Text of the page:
Chin’s Nature Corner

Grasshopper nymph Grasshopper nymph

Green grasshopper Green grasshopper
These grasshopper nymphs provide two more examples of my workaround to achieve a higher magnification
of close-up nature subjects taken with a Nikon 18-200mm (wide-angle to telephoto) zoom lens.
My workaround (Part 2)

NOT LONG AFTER I bought a used (or second-hand) Nikon D5300 DSLR body to use with an "inherited" 18-200mm zoom lens (27-300mm in 35mm equivalent) for general photography, I began trying out this camera-zoom lens combination for nature close-up photography.
 I experimented with this "combo" and found that with the lens racked out to its longest extension (i.e. at 300mm equivalent) I could, with some care, shoot living creatures such as bugs, butterflies and other insects at its minimum focal distance.
 With a fairly large size creature like the Lime Butterfly (please see my previous article), this often resulted in a decent image that I could use without cropping. However, with small creatures I would need to use a workaround which can be summarised in three easy steps:
 1) set the camera for large (maximum) image size, i.e. 24 megapixels on the D5300, 2) in the viewfinder, carefully place the tiny subject smack in the centre of the frame, i.e. the "sweet spot", and 3) at the computer, crop for composition and scale the image at 72dpi for posting on the Web.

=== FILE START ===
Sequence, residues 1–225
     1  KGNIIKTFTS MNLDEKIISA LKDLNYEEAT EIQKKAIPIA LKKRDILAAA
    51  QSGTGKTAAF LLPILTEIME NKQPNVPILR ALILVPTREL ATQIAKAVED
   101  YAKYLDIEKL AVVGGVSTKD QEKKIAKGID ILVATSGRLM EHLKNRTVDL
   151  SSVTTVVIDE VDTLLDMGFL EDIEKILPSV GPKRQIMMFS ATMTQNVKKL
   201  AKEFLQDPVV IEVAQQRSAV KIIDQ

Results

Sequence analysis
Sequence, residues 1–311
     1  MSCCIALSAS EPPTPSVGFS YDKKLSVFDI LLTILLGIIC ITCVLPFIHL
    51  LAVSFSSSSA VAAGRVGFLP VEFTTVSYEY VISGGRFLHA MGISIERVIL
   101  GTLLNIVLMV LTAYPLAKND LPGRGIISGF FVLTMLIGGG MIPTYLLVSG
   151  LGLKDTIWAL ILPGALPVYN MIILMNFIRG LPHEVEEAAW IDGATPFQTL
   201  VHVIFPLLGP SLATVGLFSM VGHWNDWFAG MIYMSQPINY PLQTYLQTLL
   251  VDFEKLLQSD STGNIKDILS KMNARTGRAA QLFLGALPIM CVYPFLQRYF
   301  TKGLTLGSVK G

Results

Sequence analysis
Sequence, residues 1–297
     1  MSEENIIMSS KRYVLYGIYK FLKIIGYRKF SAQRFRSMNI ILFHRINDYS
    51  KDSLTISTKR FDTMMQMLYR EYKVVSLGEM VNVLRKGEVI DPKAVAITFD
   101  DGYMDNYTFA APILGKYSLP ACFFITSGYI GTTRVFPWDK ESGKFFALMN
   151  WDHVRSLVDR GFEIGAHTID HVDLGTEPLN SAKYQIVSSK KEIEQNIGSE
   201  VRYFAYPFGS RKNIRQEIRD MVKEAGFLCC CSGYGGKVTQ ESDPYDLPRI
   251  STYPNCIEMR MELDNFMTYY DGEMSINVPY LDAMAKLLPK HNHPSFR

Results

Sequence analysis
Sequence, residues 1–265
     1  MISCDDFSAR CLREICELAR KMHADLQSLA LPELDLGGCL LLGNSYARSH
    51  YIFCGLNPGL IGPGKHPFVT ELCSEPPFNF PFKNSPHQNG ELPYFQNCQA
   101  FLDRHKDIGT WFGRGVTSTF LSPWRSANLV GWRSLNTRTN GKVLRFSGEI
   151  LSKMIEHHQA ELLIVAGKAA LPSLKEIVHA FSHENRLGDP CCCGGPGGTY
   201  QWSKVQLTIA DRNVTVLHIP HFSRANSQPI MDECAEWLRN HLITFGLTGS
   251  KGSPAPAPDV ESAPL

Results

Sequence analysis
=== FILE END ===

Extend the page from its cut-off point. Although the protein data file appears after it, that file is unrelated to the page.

The nymphs of two grasshopper species (please see above) provided further examples of this workaround besides those
provided by the Cycad Blue and Paler Grass Blue butterflies in the previous article.
 Recently, I had two opportunities to use this "combo" and workaround for bird photography. Let me stress that these were rare opportunities as one would have to get really close with a 300mm lens to get a decent-size image of a bird.
 The first opportunity came when I saw a White-vented Myna pecking a dead rat in the backlane behind my house. It was an "unsavoury" scene but that's nature. At one point there were four birds picking the maggots creeping out of the carrion, less than ten feet away from my kitchen window.
 I shot through the iron grill of the kitchen window and got a series of photos with one to four birds on the scene. In the end, I chose for the workaround treatment a photo where I could see the eye of the bird most clearly (please see below).
 The second opportunity came when a pair of Yellow-vented Bulbul settled on my front gate to rest. One perched on the metalwork while the other sat down on the gate post. I grabbed my camera and shot from my front door. I managed about half a dozen shots before the one on the metalwork spotted me, raised the alarm to its mate and flew off, followed by its mate.
 Opportunities like these don't come every day, and I'm just glad to have these images to share with you. By the way, I used GIMP to crop and scale the images. ~ CFS, 27-11-2018.
White-vented Myna White-vented Myna

Yellow-vented Bulbul Yellow-vented Bulbul
The White-Vented Myna pecking a rat carcass and the Yellow-vented Bulbul resting on my front gate
gave me the rare opportunities to use my workaround on these bird photos.

This page revised on 27 November 2018. Copyright © Chin Fah Shin.